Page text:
Anyway, I think giving an array/object with optional arguments is still the most readable and most consistent way.

Comment by Harald — November 14, 2007

I agree with Jason. This isn’t necessary. Just test the arguments passed in.

Comment by Aaron — November 14, 2007

Resig must dream in JavaScript.

Comment by jake — November 14, 2007

I would be good if the type of arguments could be tested too. But, i think it’s a unecessary complexity.

Comment by Tiago Albineli Motta — November 14, 2007

Yeah, I have to third the opinion that this isn’t necessary. Test the arguments passed in or simply take in an argument object with the various things you need. Its a nice proof of concept, but its not a very JavaScript-y solution.

Comment by Jon Hartmann — November 14, 2007

even when I prefer using a plain object or the Mootools way, it’s a pretty neat hack that shows once again the limitless power of javascript.
thumbs up for John and his crazy ideas.

Comment by gonchuki — November 14, 2007

To those saying “it isn’t necessary just do …”, you miss both the source of this feature and it’s true benefits.

John is trying to approximate Multimethods, which is a feature of languages which have Multiple Dispatch on methods.

What John is doing manually is ideally done automatically by the language based on the method signature (given multiple definitions of the same function with differing signatures).

Multiple dispatch is more commonly done on the type and arity of the arguments rather than their values.

JS2/ES4 looks to be gaining native multimethods (similar in specificiation to those of Perl 6).

Comment by David — November 14, 2007

I’ve used this approach in both Java & Python, and whilst it is handy, it doesn’t *really* solve any problems that couldn’t have been handled in some other usually more elegant way. It also makes it hard to troubleshoot larger scripts, if it isn’t used correctly, in the right situations.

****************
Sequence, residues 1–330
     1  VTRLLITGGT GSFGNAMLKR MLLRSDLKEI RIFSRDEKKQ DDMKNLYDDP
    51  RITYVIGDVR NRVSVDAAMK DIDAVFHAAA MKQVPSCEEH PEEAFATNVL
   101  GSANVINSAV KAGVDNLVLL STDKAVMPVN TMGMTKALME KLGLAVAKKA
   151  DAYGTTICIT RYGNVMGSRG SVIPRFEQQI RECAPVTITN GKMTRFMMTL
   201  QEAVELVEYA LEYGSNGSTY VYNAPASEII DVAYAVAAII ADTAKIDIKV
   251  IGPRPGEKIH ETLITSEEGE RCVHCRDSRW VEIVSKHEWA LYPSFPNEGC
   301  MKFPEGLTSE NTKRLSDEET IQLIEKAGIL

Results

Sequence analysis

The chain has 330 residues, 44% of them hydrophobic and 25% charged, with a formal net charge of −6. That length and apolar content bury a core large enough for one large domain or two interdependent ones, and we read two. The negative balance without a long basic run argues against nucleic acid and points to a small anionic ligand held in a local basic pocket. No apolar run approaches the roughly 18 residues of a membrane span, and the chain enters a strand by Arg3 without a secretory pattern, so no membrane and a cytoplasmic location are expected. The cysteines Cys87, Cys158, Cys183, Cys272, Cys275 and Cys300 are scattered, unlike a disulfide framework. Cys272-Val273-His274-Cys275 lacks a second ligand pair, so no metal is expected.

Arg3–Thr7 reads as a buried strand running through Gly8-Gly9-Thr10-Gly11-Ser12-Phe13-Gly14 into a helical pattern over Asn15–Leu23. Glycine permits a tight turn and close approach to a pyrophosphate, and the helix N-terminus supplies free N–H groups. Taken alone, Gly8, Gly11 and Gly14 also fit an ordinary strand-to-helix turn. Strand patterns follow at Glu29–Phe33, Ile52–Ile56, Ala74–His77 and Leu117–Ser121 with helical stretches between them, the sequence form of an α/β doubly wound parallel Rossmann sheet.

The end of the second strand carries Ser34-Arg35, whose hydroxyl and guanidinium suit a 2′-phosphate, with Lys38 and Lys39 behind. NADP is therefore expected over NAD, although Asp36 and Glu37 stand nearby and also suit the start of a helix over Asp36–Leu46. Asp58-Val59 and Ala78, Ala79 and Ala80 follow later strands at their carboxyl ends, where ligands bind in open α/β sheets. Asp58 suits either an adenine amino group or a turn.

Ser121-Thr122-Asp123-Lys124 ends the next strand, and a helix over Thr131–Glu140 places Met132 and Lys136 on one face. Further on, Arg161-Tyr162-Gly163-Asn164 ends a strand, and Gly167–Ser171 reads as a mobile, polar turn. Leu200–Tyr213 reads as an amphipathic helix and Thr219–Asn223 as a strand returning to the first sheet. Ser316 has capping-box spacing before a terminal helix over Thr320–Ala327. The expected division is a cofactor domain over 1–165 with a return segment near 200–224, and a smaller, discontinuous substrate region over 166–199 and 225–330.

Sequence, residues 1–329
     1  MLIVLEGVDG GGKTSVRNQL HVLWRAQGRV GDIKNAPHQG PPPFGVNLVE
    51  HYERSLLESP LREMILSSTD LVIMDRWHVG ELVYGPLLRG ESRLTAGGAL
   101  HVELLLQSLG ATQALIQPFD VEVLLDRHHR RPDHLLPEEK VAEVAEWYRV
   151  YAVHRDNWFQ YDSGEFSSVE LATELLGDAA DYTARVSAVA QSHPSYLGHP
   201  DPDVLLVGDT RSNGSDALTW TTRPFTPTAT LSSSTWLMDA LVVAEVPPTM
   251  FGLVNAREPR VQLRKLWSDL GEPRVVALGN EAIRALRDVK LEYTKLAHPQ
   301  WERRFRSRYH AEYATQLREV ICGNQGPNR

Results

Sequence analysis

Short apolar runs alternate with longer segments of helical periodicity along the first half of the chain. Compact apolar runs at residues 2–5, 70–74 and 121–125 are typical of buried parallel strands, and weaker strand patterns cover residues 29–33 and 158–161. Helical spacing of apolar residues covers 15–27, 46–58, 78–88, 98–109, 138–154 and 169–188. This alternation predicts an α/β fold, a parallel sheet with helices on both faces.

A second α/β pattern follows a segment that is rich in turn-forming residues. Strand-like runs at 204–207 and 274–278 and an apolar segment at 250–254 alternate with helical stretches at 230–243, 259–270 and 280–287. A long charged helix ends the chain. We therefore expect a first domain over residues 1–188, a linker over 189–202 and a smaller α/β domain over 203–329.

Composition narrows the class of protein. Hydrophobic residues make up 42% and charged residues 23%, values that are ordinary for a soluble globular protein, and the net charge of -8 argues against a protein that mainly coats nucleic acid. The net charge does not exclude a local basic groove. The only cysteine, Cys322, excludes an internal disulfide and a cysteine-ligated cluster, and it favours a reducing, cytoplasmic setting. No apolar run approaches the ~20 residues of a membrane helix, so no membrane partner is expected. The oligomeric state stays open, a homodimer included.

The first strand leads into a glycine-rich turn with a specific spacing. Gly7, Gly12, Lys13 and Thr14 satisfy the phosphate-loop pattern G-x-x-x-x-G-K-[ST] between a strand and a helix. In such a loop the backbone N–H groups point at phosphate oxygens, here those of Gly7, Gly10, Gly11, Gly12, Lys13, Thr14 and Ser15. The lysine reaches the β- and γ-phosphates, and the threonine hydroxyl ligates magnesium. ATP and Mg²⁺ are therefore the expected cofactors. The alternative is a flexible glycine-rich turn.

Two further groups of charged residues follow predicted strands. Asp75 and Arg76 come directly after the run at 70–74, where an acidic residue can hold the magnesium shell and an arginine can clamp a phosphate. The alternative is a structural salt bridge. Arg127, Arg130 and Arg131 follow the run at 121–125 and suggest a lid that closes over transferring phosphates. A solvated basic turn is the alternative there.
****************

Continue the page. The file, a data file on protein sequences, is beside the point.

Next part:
However, it is one of those “nice to have” features :o)

Comment by yoink — November 14, 2007

David – why would you use this over the anonymous object syntax alluded to by Jason (not me) in the second comment, other than to impress people with the fact that it simulates multimethods?

As for those that suggest checking the types, etc. of the arguments being passed in to determine what to do: what kind of mess would that be? You would end up with all sorts of code trying to figure out what to do when really you should be focusing on the task at hand – the anonymous object syntax seems to me the best fit all-around.

But what do I know? Just another opinionated developer… :P

Comment by Jason Bunting — November 15, 2007

Whilst not “best practise” in most common day situations, this kind of information expands knowledge over JavaScript for solving potential future dilema’s. Innability to see useful implementations for nifty snippets, does not render the information useless. ;)
Keep em commin!

Comment by Ben — November 15, 2007

Here is the type checking part of it, for those who like this approach:
Have fun John, and keep up the good work!

Comment by Frank Thuerigen — November 18, 2007

Another version with type-checking:

Comment by jdempcy — April 23, 2008